Students in residence angry over school’s change to online classes

Jan 25, 2022 | Campus News, News

Humber College’s switch to online classes for the winter term has frustrated students living in residence.

The Toronto college announced on Jan. 6 that all theory-based courses will be held online until March 6 after previously announcing in December that classes would be in person starting Jan. 24.

Students who applied to live in campus residence were sent an email from the college the same day asking them to select an option for their stay in residence.

The email said students could continue to live in residence, leave and return in March for the start of in-person classes and be eligible for a partial refund or withdraw from residence for the term and be eligible for a refund of all remaining residence fees.

The deadline to select an option was by the end of the day, Jan. 16.

Some students said the sudden change and the period of time given to make a decision was frustrating.

Sergio Claudio Santos Jr., a first-year marketing student from Brazil, arrived at the North campus residence four days before the official Jan. 8 residence re-opening.

Santos said in an interview that the email from Humber Residence felt abrupt and showed a lack of communication from the college.

“The people I met here, they were very frustrated at how things were being handled,” he said. “They were saying, ‘Oh, you should have said this before,’ because now we have like two or three days to decide what we are going to do.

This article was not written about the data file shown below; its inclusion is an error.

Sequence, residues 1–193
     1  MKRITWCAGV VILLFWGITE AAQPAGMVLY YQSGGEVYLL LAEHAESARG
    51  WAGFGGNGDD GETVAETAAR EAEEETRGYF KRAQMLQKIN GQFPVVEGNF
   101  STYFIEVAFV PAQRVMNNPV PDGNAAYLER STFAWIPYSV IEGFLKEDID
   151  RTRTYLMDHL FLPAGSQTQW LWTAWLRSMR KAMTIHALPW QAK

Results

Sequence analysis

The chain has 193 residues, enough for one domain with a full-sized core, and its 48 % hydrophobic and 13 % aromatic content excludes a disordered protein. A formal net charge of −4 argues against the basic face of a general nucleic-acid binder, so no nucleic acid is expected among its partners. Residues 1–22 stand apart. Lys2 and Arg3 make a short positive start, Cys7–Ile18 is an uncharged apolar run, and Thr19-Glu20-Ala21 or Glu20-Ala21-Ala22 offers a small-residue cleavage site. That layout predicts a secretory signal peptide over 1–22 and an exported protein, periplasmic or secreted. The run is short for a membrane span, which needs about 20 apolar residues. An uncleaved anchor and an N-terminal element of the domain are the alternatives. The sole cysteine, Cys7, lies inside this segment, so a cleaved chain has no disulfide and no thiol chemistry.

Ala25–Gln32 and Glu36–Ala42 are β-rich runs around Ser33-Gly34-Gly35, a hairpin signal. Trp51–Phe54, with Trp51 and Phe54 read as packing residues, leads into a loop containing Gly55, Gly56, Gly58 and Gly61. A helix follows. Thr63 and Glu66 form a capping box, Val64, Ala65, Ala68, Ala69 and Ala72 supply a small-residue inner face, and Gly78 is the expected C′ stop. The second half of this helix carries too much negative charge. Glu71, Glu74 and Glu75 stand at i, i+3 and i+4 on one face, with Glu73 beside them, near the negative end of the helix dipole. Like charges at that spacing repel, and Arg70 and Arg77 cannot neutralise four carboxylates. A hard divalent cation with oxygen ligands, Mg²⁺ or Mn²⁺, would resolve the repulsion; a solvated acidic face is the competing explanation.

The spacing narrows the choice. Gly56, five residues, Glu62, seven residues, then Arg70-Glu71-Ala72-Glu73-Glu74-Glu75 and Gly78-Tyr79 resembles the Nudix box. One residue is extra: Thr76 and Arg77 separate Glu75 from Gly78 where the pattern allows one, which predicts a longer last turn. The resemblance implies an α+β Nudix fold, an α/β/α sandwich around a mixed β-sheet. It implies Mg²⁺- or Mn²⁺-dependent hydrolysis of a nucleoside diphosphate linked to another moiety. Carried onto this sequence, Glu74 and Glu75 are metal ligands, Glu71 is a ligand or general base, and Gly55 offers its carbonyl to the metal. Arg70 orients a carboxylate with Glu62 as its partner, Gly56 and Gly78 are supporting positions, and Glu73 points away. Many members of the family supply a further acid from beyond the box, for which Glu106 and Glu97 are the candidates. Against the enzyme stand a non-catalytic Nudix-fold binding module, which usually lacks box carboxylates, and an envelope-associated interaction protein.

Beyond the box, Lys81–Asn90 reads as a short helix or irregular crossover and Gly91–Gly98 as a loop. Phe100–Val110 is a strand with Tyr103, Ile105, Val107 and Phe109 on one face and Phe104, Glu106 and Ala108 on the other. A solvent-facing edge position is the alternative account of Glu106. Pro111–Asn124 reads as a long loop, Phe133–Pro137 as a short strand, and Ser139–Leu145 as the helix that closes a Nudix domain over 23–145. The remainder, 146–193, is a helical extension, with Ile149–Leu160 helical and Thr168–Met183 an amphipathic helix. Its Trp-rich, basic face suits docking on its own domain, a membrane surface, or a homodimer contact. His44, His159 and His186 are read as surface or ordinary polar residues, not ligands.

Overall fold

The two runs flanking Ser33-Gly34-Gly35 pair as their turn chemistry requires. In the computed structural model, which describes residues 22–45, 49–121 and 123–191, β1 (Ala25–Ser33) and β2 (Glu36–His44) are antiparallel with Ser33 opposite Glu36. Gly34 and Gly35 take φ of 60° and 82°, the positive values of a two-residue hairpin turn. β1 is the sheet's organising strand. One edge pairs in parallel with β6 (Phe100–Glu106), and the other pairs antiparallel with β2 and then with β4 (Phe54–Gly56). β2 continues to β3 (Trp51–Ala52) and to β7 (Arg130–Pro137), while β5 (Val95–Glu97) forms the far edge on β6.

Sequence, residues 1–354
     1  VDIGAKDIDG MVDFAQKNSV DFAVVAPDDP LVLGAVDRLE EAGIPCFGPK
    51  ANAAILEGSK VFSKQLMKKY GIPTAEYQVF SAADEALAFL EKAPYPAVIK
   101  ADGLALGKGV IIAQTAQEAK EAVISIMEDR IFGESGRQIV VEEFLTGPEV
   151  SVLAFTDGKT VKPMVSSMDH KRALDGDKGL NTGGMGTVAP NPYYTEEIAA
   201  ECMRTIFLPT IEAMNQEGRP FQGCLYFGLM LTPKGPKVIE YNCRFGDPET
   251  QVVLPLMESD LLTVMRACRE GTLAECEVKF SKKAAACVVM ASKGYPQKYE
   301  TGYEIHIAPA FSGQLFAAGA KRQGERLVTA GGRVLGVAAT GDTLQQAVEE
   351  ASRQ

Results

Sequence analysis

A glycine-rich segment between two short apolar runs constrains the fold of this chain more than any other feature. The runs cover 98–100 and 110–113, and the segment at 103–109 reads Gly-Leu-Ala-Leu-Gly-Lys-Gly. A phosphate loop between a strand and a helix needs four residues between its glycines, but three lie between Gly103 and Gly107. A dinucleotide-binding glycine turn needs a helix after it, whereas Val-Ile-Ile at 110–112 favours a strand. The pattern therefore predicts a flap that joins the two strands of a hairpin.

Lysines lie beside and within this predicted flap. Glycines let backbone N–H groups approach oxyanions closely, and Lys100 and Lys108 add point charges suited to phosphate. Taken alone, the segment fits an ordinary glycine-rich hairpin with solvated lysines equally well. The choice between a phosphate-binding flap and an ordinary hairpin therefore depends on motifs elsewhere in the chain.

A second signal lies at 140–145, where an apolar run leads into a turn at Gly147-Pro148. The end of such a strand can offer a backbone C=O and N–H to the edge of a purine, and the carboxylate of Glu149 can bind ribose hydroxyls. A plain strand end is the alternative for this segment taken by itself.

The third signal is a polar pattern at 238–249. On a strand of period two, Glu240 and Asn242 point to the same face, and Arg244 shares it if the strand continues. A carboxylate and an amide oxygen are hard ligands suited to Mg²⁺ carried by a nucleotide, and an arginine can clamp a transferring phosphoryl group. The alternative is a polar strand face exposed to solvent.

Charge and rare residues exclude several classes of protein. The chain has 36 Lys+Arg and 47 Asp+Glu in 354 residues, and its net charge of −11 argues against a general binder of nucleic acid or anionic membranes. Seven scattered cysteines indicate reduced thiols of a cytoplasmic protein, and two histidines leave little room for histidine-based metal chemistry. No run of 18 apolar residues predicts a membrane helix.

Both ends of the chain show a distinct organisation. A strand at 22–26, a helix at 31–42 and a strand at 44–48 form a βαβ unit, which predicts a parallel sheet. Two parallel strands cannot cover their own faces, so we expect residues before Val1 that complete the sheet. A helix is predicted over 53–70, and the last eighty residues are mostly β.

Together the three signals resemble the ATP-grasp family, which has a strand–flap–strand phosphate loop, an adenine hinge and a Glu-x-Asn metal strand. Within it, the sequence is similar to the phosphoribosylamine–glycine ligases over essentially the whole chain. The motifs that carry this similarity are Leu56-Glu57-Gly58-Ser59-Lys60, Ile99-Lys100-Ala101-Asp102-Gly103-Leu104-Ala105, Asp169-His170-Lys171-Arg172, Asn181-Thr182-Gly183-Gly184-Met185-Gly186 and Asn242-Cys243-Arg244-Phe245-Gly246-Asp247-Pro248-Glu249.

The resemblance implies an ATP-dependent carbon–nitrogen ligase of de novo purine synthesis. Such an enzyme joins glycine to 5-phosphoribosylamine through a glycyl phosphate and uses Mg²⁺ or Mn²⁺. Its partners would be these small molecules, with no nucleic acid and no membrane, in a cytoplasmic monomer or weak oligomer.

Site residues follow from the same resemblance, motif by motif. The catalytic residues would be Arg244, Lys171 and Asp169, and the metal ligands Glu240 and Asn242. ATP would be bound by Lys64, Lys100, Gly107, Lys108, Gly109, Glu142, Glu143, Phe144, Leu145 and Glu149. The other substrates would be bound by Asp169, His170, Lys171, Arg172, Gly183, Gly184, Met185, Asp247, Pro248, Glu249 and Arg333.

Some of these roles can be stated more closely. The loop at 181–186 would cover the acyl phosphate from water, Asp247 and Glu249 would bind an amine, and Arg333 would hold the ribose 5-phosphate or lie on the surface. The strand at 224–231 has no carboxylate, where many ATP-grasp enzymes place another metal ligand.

“Humber expected us to solve our lives and answer this really, really hard question in 10 days,” Santos said.

Tuba Chishti, Interim Residence Life Manager for Humber’s North and Lakeshore campuses, said in an interview her department had a sense that the rising number of Omicron infections would affect Humber.

The residence team didn’t want to make students pay for and stay in residence if it didn’t make sense for them, Chishti said.

“We had everything ready before we knew anything about college dates because we knew that as soon as the college announced whenever they would stay open or online until, students would immediately have questions,” Chishti said. “Depending on what the college announced we would offer refunds and the number would change based on whatever dates the college sent out.

“We’re moving as quickly as we can, and we want to be fair to students,” she said.

Santos said he chose to live in residence to meet fellow students and experience campus life in Canada, but the changes to residence worried him.

“I thought many people would leave and I wouldn’t meet anyone here and I would be alone,” he said. “I considered everything — moving out, going back to Brazil.”

More than 100 students eventually opted to leave the residence and receive a refund, Chishti said.

“I feel genuinely bad for students,” she said. “It’s hard not being able to make friends, not being able to see people.”

Gabi Hentschke, board director for IGNITE and Residence Community Assistant for Humber’s Lakeshore residence, said virtual events can be difficult as in-person programming typically engages more students.

“I try to do the best work possible so that people will have fun and be able to make connections with others,” she said.

Since moving into his dorm, Santos said things have improved as he’s connected with other students who also chose to remain in residence, but the experience hasn’t been the same with restrictions in place.

“I hoped it would be better,” he said. “I know it would be better without restrictions.”